If we can better understand why some patients with Crohn’s and Colitis are more likely to experience chronic pain we’ll be better able to manage and treat it.
What the researchers will look at
The researchers will be investigating pain in Crohn’s and Colitis. Firstly, they will use data from the IBD BioResource (a database of clinical samples and information of over 25,000 people with Crohn’s and Colitis) to see how common pain is in Crohn’s and Colitis (the prevalence of pain). They will also look for other pain conditions that patients suffer from – such as irritable bowel syndrome (IBS) or arthritis.
Secondly, the researchers want to better understand who is likely to develop pain as a symptom of their Crohn’s or Colitis. To do this, they will look for the characteristics of pain in people with newly diagnosed Crohn’s and Colitis. They will use questionnaires, physiological measurements, and mobile phone apps to collect information about psychological and physiological wellbeing (in the context of pain) over 18 months.
When they’ve collected all of this data, the researchers will use machine learning techniques (artificial intelligence) to find risk factors that are linked to developing pain. Then they’ll see if they can predict who will develop chronic pain in a group of newly diagnosed people with Crohn’s or Colitis.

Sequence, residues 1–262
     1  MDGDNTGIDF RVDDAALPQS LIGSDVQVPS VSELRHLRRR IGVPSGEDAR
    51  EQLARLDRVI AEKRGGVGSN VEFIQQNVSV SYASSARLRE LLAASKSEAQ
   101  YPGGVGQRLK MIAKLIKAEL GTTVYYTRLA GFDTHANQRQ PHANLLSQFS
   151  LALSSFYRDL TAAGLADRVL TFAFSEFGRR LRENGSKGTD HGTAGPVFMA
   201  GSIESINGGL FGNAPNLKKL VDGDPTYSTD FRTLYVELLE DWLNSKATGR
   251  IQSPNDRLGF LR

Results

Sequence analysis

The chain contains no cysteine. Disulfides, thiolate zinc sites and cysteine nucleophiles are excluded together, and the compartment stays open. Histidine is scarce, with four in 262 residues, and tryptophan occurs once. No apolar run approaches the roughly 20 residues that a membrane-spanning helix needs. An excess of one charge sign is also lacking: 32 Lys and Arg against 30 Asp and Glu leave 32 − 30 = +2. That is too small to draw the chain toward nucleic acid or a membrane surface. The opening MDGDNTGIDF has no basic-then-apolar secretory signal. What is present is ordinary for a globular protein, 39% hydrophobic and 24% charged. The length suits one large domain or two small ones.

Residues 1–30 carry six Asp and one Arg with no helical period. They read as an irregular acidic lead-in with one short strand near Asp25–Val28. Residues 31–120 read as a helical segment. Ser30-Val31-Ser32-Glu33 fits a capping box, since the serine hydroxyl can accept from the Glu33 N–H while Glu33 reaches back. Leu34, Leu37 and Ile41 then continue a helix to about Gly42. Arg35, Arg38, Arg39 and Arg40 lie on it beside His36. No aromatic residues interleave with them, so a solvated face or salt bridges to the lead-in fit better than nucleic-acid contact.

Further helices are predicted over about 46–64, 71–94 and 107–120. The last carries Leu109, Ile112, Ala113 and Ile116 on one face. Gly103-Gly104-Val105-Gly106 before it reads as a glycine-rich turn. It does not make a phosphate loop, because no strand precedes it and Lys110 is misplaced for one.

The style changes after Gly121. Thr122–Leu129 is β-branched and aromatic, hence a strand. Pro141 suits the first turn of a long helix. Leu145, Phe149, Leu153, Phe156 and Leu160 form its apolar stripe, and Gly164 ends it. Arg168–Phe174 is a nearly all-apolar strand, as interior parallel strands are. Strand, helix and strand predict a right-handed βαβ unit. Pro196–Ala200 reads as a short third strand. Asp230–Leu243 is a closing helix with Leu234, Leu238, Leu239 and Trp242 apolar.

What the researchers think this could mean for people with Crohn’s or Colitis
Pain is a common symptom in people with Crohn’s or Colitis, even when the conditions are in remission (when disease is inactive). Chronic (ongoing) pain is linked to fatigue, depression and a lower quality of life in people with Crohn’s and Colitis.
The researchers aim to better understand pain and to find risk factors linked to the development of pain. If they can spot people who are likely develop pain early (potentially even when newly diagnosed), pain can be better managed and, for some, may even be prevented. This will lead to a better quality of life for people with Crohn’s and Colitis.
Who is leading this research: Professor Qasim Aziz, Barts and the London School of Medicine and Dentistry
Our funding: £114,993.00
Duration: 36 months
Official title of application: Identification of risk factors for the development of chronic abdominal pain in patients with inflammatory bowel disease